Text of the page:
There are some who turn their nose up a little at romance novels, claiming that they aren’t sufficiently high-brow or literary. I’d have a little more sympathy for this point of view if it was shared by the majority; if romance novels were, like literary fiction, a small section of the market – liked by a few, but generally disregarded. But that’s most definitely not the case. The fact is that romance is highly commercial: put simply, readers buy romance books. Many, many readers. Which is why authors continue to write romance, and publishers continue to snap up romance novels.
Here are some facts and figures I’ve come across about romance publishing which I found interesting:
- In the US, romance takes the largest share of the publishing market (16.7 per cent).
- Romance fiction generated $1.438 billion in sales in 2012 in the US, massively more than in other genres of literature, including religious/inspirational books, mystery novels, science fiction and classic literary fiction.
- Fifty Shades of Grey sold ten million copies in six weeks.
- The romance genre was more often at the top of bestseller lists in 2012 than any other genre.
- Romance readers buy more books per year than readers of other genres. They also borrow more from libraries.
- Back in 2007 (before ebook publishing took off), UK romance book sales amounted to 24 million, worth £118 million.
- Forty-one per cent of romance book buyers have been reading romance for 20 years or more.
So, if you’re a romance reader, you’re a member of a family that’s:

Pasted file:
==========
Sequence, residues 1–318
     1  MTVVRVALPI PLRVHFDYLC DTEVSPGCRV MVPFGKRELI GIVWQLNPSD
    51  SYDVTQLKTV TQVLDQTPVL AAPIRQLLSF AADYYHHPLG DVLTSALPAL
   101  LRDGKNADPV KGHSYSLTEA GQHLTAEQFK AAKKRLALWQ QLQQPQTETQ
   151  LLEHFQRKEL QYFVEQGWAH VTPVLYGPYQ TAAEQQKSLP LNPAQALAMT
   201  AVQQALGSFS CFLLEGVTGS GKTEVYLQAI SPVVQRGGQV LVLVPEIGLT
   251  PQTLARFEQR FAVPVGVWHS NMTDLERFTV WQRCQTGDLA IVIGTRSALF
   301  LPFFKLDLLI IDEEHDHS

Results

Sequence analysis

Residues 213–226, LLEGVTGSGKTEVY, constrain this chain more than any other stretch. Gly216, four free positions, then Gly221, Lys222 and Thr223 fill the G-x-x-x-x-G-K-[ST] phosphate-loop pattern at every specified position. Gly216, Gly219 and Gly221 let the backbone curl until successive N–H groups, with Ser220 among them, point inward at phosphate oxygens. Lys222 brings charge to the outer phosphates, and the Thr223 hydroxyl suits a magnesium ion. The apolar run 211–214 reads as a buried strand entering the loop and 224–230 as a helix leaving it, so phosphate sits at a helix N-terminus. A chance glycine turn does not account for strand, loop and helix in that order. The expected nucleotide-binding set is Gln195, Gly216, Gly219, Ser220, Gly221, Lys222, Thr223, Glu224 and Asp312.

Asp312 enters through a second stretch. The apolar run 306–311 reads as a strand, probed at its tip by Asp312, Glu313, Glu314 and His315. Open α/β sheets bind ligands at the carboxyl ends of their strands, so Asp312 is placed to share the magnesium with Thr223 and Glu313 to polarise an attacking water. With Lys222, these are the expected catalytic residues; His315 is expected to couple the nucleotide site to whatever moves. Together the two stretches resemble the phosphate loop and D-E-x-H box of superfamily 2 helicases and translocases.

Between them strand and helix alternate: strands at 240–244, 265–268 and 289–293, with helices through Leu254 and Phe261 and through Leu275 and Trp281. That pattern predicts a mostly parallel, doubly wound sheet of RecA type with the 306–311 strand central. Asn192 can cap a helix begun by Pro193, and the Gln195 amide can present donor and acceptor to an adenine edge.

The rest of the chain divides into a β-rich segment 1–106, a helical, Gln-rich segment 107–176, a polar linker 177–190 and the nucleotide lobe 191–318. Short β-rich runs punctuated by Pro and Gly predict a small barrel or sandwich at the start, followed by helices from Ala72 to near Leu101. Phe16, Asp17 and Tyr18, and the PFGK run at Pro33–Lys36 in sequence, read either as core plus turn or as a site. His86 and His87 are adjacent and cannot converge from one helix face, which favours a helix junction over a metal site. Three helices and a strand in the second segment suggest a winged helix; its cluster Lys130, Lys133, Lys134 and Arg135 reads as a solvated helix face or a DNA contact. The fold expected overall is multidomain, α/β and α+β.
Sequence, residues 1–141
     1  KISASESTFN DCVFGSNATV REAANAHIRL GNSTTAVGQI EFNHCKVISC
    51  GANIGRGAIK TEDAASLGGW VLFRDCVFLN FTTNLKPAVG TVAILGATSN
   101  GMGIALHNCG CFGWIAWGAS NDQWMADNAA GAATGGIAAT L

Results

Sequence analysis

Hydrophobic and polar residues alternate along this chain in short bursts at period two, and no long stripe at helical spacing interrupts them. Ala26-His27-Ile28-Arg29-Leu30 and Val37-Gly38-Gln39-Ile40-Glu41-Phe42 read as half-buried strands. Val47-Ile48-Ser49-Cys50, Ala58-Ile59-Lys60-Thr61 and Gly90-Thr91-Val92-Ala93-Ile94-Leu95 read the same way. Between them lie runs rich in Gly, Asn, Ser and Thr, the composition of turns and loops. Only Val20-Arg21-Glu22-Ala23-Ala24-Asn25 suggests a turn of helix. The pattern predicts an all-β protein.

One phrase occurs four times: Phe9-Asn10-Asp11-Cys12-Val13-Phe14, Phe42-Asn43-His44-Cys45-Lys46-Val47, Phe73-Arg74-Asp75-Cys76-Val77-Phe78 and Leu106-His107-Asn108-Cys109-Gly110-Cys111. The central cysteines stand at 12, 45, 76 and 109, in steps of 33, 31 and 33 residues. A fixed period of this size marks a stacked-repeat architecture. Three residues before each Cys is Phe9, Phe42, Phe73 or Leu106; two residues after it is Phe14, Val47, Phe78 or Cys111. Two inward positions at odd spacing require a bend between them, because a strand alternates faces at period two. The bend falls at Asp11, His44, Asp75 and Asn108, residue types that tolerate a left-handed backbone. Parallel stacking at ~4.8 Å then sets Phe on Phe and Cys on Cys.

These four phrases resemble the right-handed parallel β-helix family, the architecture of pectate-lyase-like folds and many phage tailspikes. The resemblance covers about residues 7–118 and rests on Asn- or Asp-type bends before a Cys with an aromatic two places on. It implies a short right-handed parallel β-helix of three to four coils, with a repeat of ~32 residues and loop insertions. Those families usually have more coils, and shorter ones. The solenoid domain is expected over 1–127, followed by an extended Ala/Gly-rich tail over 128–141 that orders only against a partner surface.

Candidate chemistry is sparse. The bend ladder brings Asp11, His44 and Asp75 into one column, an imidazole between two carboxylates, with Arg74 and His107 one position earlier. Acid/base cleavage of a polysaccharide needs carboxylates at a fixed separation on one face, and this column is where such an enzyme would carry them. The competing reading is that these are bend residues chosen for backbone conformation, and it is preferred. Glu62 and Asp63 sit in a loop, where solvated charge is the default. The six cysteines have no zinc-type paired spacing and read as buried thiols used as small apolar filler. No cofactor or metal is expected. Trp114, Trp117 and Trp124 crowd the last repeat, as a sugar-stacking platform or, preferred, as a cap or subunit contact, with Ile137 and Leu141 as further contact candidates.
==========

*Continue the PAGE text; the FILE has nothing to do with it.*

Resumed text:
And, of course, united! Romance novels have the power to unite through sweeping us away into a place of happiness and reminding us what’s really important in life. The British author Philip Pulman makes the point best: ‘We don’t need a list of rights and wrongs, tables of dos and don’ts: we need books, time, and silence. Thou shalt not is soon forgotten, but Once upon a time lasts forever.’
When I first started writing, I wasn’t even out of knee-high-socks, and there was no means of writing open to me but the traditional pen (or pencil) and paper. Even now, I can hear the scratch of the writing implement on paper and smell the fresh ink, and these sensory memories take me to a happy place.
I recently visited an exhibition on books at the Bodleian Library, Oxford University. There I saw original, handwritten manuscripts by the likes of Tolkien and JK Rowling. And I found the sight really quite moving. There is something indisputably romantic about a story etched by its creator onto paper. It’s something of an art form in its own right. And I couldn’t help wondering at the sense of pride handwriting-authors feel when they finish a novel – not only have they finished a novel, but they’ve had the skill and discipline to write it all by hand.